Researchers from the Advanced Thin Ionization Calorimeter (ATIC) collaboration, led by scientists at Louisiana State University, Baton Rouge, published the results in the Nov. 20 issue of the journal Nature.
The new results show an unexpected surplus of cosmic ray electrons at very high energy -- 300-800 billion electron volts -- that must come from a previously unidentified source or from the annihilation of very exotic theoretical particles used to explain dark matter.
"This electron excess cannot be explained by the standard model of cosmic ray origin," said John P. Wefel, ATIC project principal investigator and a professor at Louisiana State. "There must be another source relatively near us that is producing these additional particles."
According to the research, this source would need to be within about 3,000 light years of the sun. It could be an exotic object such as a pulsar, mini-quasar, supernova remnant or an intermediate mass black hole.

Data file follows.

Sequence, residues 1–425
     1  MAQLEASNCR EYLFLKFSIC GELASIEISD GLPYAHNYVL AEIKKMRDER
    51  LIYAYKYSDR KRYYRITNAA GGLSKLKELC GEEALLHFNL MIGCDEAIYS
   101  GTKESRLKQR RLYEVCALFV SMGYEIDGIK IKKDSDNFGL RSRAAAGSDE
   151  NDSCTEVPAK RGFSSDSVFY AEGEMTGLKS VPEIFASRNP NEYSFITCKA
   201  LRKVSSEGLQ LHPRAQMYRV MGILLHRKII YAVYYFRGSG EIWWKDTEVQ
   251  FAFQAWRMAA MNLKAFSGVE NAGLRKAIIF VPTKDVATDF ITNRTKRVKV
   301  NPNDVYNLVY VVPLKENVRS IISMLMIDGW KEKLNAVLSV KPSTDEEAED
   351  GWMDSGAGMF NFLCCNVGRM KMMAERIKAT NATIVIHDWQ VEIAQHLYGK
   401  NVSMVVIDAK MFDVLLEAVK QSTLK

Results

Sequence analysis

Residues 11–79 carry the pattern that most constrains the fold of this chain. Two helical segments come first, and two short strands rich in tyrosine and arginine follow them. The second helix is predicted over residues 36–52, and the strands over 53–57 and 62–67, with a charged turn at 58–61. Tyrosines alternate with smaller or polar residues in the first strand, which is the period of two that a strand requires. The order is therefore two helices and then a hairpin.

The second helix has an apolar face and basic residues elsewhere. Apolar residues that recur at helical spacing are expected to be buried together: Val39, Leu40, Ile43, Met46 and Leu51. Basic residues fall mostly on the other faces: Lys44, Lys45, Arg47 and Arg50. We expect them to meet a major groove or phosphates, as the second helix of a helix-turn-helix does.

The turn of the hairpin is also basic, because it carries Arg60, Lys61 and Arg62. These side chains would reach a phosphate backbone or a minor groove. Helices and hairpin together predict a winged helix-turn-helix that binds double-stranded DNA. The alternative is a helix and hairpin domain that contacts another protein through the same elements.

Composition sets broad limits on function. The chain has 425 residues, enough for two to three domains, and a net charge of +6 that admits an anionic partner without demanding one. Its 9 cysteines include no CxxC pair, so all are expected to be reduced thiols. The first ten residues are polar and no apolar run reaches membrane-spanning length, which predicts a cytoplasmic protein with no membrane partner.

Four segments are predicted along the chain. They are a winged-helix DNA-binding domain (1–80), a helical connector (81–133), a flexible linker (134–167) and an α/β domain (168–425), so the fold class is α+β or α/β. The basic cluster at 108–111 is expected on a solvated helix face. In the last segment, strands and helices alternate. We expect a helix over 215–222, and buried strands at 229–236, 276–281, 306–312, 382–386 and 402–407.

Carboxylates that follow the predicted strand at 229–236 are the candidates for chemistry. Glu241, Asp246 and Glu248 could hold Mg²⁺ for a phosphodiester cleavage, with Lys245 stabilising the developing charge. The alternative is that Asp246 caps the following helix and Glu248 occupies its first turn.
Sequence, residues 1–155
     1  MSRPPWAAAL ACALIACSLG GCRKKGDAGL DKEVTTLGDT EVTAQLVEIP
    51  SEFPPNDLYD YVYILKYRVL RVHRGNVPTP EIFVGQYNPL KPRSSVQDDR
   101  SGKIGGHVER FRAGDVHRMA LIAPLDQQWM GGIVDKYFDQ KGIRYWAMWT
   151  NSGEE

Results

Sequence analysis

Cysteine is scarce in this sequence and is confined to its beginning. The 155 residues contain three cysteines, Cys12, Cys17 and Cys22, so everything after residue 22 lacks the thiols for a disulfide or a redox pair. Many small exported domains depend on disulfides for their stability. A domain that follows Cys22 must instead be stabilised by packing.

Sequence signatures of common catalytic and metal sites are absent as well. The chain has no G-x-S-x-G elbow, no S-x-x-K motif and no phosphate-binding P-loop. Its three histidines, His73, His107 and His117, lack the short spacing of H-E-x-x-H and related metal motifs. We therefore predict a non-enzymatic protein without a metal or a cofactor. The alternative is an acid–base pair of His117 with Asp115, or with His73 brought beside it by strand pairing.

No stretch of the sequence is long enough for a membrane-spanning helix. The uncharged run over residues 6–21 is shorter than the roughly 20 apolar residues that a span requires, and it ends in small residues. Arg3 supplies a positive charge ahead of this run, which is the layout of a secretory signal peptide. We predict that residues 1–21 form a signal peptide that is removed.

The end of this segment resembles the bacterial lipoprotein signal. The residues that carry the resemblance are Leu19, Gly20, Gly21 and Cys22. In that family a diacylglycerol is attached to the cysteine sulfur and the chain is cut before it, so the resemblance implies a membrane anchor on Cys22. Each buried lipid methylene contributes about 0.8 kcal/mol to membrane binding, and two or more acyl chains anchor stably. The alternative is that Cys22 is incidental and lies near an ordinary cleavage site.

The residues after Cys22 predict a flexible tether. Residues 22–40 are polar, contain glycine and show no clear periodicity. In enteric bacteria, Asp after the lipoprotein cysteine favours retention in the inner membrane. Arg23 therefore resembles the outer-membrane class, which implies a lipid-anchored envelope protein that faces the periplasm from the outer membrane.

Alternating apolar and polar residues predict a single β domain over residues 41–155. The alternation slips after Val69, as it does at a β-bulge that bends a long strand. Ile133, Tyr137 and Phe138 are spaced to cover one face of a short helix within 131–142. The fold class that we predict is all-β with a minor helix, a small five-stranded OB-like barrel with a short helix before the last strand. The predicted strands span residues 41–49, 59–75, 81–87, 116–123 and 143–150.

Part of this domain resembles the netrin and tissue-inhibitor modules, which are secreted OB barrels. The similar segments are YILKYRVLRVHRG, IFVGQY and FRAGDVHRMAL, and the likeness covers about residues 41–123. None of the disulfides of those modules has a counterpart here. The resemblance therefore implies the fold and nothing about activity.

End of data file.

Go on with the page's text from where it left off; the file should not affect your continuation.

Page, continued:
"Cosmic ray electrons lose energy during their journey through the galaxy," said Jim Adams, ATIC research lead at NASA's Marshall Space Flight Center in Huntsville, Ala. "These losses increase with the energy of the electrons. At the energies measured by our instrument, these energy losses suppress the flow of particles from distant sources, which helps nearby sources stand out."
The scientists point out, however, that there are few such objects close to our solar system.
"These results may be the first indication of a very interesting object near our solar system waiting to be studied by other instruments," Wefel said.